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The Illinois Franchise Tax

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The Illinois Franchise Tax is a weird tax. It is imposed on the privilege of exercising a franchise in Illinois or, in the case of foreign corporations, for the authority to transact business in the state. It is administered by the Illinois Secretary of State, not the Department of Revenue, and is measured by paid-in capital. Knowing the ins and outs of the Franchise Tax is a must for any corporation doing business in the state.

Applicability of the Franchise Tax

The Franchise Tax is imposed upon domestic corporations and foreign corporations for the authority to transaction business in Illinois.[1] The tax strictly applies to corporations; banks and insurance companies, which register with separate Illinois agencies, are not subject to the tax. Similarly, while LLCs have their own registration obligation with the Secretary of State (“Secretary”), they are subject to a $75 annual fee rather than the Franchise Tax.[2]

Not all foreign corporations with nexus in Illinois need pay the Franchise Tax. Illinois law provides a list of activities that do not constitute “transacting business.”[3] Thus, even though a business may have nexus with Illinois for sales tax, corporate income tax, or some other Illinois tax, that business may not be subject to the Franchise Tax.  Specifically, a corporation may conduct any of the following activities in Illinois without being subject to the tax:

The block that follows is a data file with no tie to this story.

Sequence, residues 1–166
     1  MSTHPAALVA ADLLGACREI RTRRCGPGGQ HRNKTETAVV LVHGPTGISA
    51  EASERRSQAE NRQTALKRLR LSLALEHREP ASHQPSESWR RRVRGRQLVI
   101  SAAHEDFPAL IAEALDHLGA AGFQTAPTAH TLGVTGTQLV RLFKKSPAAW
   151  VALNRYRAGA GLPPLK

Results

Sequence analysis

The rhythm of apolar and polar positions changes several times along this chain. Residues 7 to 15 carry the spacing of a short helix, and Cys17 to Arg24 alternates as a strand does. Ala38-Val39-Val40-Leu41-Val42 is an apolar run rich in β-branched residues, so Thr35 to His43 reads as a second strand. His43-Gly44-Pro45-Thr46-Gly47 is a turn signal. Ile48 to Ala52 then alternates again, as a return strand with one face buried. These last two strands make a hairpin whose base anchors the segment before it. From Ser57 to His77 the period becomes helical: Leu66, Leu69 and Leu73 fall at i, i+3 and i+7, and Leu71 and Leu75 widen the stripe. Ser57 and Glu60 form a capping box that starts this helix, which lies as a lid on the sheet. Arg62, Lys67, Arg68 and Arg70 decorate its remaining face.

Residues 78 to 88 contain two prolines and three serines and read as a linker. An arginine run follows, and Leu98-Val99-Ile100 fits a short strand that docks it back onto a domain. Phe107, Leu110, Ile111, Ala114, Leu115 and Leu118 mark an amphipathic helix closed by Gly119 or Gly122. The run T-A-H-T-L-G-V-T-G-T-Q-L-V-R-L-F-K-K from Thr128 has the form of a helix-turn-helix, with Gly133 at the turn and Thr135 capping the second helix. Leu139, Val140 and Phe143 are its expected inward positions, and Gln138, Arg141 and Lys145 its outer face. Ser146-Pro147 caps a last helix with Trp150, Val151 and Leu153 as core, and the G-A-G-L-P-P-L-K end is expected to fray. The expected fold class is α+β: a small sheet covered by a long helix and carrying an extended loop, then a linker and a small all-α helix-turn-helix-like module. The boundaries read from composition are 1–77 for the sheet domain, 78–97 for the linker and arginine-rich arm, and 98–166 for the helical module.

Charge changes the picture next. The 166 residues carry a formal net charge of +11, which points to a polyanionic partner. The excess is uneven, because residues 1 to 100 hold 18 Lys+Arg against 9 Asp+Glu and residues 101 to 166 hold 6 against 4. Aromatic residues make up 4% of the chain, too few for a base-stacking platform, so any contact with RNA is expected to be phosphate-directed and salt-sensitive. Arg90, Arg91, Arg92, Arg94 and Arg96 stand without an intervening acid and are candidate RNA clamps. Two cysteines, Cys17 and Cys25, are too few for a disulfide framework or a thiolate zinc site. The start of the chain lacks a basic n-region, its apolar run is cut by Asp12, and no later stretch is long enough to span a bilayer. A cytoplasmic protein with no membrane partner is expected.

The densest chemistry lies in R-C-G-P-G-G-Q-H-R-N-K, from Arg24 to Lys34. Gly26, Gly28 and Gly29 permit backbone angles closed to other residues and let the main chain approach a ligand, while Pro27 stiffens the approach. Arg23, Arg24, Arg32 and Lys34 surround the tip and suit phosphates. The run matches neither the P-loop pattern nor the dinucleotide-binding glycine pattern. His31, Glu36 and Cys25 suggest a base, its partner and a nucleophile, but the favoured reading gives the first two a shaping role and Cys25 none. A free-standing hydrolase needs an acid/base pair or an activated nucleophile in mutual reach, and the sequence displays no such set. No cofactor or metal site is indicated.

1. Maintain, defend, or settle any proceeding;
  2. Hold meetings of the board of directors or shareholders or carry on other activities concerning internal corporate affairs;
  3. Maintain bank accounts;
  4. Maintain offices or agencies for the transfer, exchange, and registration of the corporation’s own securities or maintain trustees or depositaries with respect to those securities;
  5. Sell through independent contractors;
  6. Solicit or obtain orders if orders require acceptance outside Illinois before they become contracts; own, without more, real or personal property;
  7. Conduct an isolated transaction that is completed within 120 days and that is not one in the course of repeated transactions of a like nature; or
  8. Have a corporate officer or director who is a resident of the state.

This list of activities is not exclusive, and other analogous activities also should not create an obligation to register with the Secretary and pay the tax.

Franchise Tax Base

The Franchise Tax can be split into three different taxes: the initial franchise tax, the annual franchise tax, and an additional franchise tax. The initial franchise tax is paid when a foreign corporation applies with the state for authority to transact business in the state. In the case of a domestic corporation, the initial franchise tax is due upon the first issuance of shares. An annual franchise tax must be paid on the corporation’s anniversary each year.[4] Additional franchise tax is due upon a number of events that might increase a corporation’s paid-in capital during a given year. For instance, additional franchise tax is due upon the report of the issuance of additional shares, a report of an increase in paid-in capital without issuing shares, or a report after a merger if the report shows that the paid in capital of the surviving corporation is greater than the aggregate of Illinois paid-in capital previously reported by the corporations prior to the merger.[5]